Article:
Drexel University, Psychology
Characterizing the Effects of tDCS Parameter Manipulation on Behavior and Physiology in the Language System
Aphasia is the most common cognitive deficit associated with stroke, affecting approximately 80,000 individuals in the United States annually, many of whom suffer from persistent, debilitating loss of communication abilities. While we and others have identified tDCS as a promising adjunct to traditional language therapies, the advancement of tDCS toward clinical use is hampered by the absence of clear understanding, even in healthy brains, of the relationships between key stimulation parameters and the effects of tDCS on brain activity and behavior. By clarifying these relationships, this study will enhance the fidelity of future tDCS studies for the treatment of aphasia as well as for many other acquired neurological deficits. Please visit the Chrysikou Lab Page for more information.
University of Louisville, Kentucky Spinal Cord Injury Research Center
Transcutaneous spinal stimulation: Augmenting training for attaining intrinsic trunk control in children with spinal cord injury
Our long term aim is to develop therapies to improve the ability of children with spinal cord injury to sit upright on their own. Children with paralyzed trunk muscles cannot sit upright and are at significant risk for developing scoliosis (a curved spine), pneumonia, pressure sores, and for undergoing surgery. Achieving the ability to sit upright may thus reduce the risk for scoliosis and surgery, improve a child’s health, reduce healthcare costs and enhance their quality of life. Please visit The Kosair Charities Center for Pediatric NeuroRecovery for more information.
Shirley Ryan AbilityLab, Research Scientist
Can H-reflex down conditioning reduce spasticity in stroke survivors?
The neural mechanisms that contribute to hyperreflexia in individuals with spasticity following a hemispheric stroke remain largely unknown, and thereby difficult to target with current clinical interventions. Presently the pharmaceutical interventions available to stroke survivors for spasticity reduction also have considerable side effects such as drowsiness and a potential degradation of muscle structure and function. Our hypothesis is that targeted neuromodulation, if effective in reducing spasticity and effectively maintained due to changes at the MN level, would provide an alternative intervention for spasticity reduction in a cohort of stroke survivors with residual corticospinal connections to the targeted muscle, without detrimental side effects. Please visit Dr. Suresh's page at the Shirley Ryan AbilityLab,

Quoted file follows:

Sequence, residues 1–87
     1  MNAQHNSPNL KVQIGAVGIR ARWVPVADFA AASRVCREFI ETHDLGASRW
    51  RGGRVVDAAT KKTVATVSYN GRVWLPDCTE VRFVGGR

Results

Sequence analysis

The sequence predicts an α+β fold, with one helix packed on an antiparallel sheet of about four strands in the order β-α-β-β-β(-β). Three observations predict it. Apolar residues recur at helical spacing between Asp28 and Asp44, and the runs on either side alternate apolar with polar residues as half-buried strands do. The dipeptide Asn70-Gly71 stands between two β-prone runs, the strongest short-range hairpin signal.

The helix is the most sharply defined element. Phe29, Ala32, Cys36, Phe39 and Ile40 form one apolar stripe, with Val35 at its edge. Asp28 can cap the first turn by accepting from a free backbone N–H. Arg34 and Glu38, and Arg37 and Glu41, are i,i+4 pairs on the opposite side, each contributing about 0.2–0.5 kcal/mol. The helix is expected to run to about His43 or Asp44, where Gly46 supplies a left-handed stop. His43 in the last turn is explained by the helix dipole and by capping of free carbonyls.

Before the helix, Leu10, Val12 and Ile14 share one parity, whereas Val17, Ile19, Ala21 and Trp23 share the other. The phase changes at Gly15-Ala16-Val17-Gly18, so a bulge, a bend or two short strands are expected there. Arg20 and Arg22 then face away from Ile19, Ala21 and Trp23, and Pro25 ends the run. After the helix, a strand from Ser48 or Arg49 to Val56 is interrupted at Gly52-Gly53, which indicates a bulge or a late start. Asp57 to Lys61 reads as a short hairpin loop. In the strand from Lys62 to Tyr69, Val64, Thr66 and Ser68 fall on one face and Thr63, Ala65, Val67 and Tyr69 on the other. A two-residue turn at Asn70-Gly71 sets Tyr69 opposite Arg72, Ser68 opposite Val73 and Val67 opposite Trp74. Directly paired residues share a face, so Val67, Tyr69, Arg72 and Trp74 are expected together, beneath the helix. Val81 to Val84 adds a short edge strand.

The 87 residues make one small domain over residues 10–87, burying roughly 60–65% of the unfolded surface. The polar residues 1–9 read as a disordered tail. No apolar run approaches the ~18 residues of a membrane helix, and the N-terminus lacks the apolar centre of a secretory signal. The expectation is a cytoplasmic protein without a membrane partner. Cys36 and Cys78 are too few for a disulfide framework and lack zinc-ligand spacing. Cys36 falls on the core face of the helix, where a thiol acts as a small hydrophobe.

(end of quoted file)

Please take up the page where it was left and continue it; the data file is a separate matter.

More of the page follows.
University of Pennsylvania, Neurology
Personalizing neuromodulation of cognitive control through precision intrinsic system mapping
This proposal takes initial steps toward developing personalized neuromodulation with respect to target selection. PrISM will account for individual variability in structural and functional anatomy, enabling clinicians and researchers to make reliable predictions about the cognitive or behavioral impact of delivering TMS. The system level dissociation between inhibitory and attentional control networks offers an ideal test-case for establishing the utility of our approach. Moreover, cognitive control dysfunction is shared across a number of psychiatric and neurological disorders including depression, schizophrenia, dementias, and stroke, and therefore represents a highly attractive therapeutic target for individualized stimulation.
University of Houston, Health and Human Performance
Neuromodulation to Improve Dynamic Balance in Stroke
Balance control is an important factor contributing to falls in stroke survivors. The aims of this proposal are to study the neural network underlying balance control in individuals with stroke using high resolution electroencephalography and determine whether this network can be modulated using theta burst transcranial magnetic stimulation. Our findings could lead to effective neuromodulation strategies and innovative closed-loop BMI-robotics to improve balance control in stroke patients. Please visit the Parikh Lab page for more information.
Medical University of South Carolina, Psychiatry
taVNS-Paired TMS to Enhance Motor Cortex Excitability
This research proposal is a critical important step in further developing transcutaneous auricular vagus nerve stimulation (taVNS) as an assistive tool in the rehabilitation of motor function post-stroke. This work will help determine whether combining two forms of neuromodulation (rTMS and taVNS) will increase TMS-induced cortical excitability in the motor cortex when compared to single modality approaches. The information gathered from this study will set the stage for the next phase of clinical work with this exciting technology and contribute to a planned R21 submission by the PI further exploring the timing intricacies underlying the mechanism of taVNS-paired rehabilitation